Team SA certainly did us proud at the 2016 Olympic Games in Brazil. One of the highlights was Wayde van Niekerk’s victory when he won a gold medal and broke the world record for the men’s 400m sprint. This great South African achievement quickly turned into a racial debate when people started calling it a “victory for the coloured community”. Many shared this sentiment and I agree with some of the viewsthat were opined. As a woman of colour myself that originated from the Cape Flats, I could identify with these writers.
However, many also believed that it was wrong for coloureds to claim Van Niekerk’s victory as their own or to say that he represented the coloured community. This is because of the apartheid classification of people with mixed heritage decades ago. These views, too, I understand.
With all the racial debate surrounding Van Niekerk’s win and articles written about it, nowhere did I see anyone asking the man himself how he felt representing the coloured community or if he even felt that he did. Instead, the media, and Facebook and Twitter “experts” were speaking for him. Some are calling him coloured and others are saying he is black. We don’t know what he identifies himself as, and until then nobody can claim that he represents any racial or ethnic group.
Generally coloured people are raised believing that that is what they are. The classification stayed long after apartheid ended and is still reinforced by our current government. This is evident by the boxes that require ticking at workplaces, schools, population censuses and so forth. It is also evident when companies have to consider economic empowerment when interviewing and hiring candidates. Though we’re free to tick the “other” box, when we’ve been called coloured and identified as such from a young age, we’re probably going to tick the coloured box and many have no problem doing so.
If you identify yourself as a coloured person despite knowing the origins of the term, then good for you. That is who you choose to identify as. It’s not for anyone else to tell you that you’re wrong and need to be liberated in your thinking because there is no such thing as a coloured race or culture, and to accept that you’re black.
Who are we to tell brown people that their coloured race does not exist and they should accept their blackness? On the flip side, who are we to tell them that they should accept that they’re coloured? The colour of your skin doesn’t automatically classify you as part of a certain race group. There are people with fair skin that consider themselves coloured. There are very dark people that don’t see themselves as black but coloured instead. Arabs have fair skin, but they’re not considered white/Caucasian and they’re certainly not afforded the same privileges.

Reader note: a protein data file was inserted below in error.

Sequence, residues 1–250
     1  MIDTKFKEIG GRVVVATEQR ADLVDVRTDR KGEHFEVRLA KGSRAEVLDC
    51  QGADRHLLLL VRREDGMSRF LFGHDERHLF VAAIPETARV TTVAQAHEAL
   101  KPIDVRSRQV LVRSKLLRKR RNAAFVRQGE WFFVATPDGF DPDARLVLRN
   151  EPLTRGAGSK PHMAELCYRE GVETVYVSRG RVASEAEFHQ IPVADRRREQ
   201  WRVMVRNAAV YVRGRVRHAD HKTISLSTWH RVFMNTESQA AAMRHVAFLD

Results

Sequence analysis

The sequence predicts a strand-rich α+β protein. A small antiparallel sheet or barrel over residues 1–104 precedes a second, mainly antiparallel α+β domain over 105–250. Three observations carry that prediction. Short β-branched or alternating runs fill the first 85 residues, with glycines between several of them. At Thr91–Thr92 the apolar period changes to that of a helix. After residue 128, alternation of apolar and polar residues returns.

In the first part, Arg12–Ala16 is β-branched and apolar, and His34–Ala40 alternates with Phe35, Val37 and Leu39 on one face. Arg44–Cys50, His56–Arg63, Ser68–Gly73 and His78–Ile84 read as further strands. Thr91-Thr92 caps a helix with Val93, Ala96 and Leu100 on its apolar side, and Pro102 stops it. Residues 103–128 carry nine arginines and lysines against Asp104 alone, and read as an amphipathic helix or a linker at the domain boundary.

There was a time when I, too, struggled to figure out what I was. I certainly wasn’t white, I am not a fan of the Klopse (Cape Minstrels) and I definitely could not identify with the black race. I was not familiar with their languages, cultures or traditions.
What I knew for certain was that I was Muslim and my family heritage stemmed from a mixture of people from the Far East, when they were brought to the Cape as slaves. We have our own traditions, culture and even food (artappel porring, akhni, boeber, frikkadel and yellow rice, denningvleis, koesisters). Therefore, I am a proud Cape Malay Muslim woman.
Others might see me as coloured or black, and that’s fine because it’s their opinion and not necessarily relevant. What’s important is how I identify myself and knowing my heritage and culture. That’s what’s important for everyone – knowing who you are. Whatever you choose to identify yourself as is nobody’s business and you don’t owe anyone an explanation for it and you shouldn’t put up with people telling you who they think you should be.
Achievement for coloured people and South Africa
Until we get a definite answer from Wayde, at the very least his achievement is something the whole of South Africa can celebrate. His victory can be seen as both an achievement for coloured people, many of whom continue to struggle under the legacy of apartheid, and for South Africa because of the opportunities the country has given him.
Considering the challenges coloured and black people face in South Africa, it is astounding that within two decades, so much sporting talent has made its way to the global stage. Imagine what could happen if we made more resources and opportunities available to struggling communities. There may be more Wayde van Niekerks or Luvo Manyongas just waiting to be discovered, and who would love to make their communities and country proud.
Originally posted here.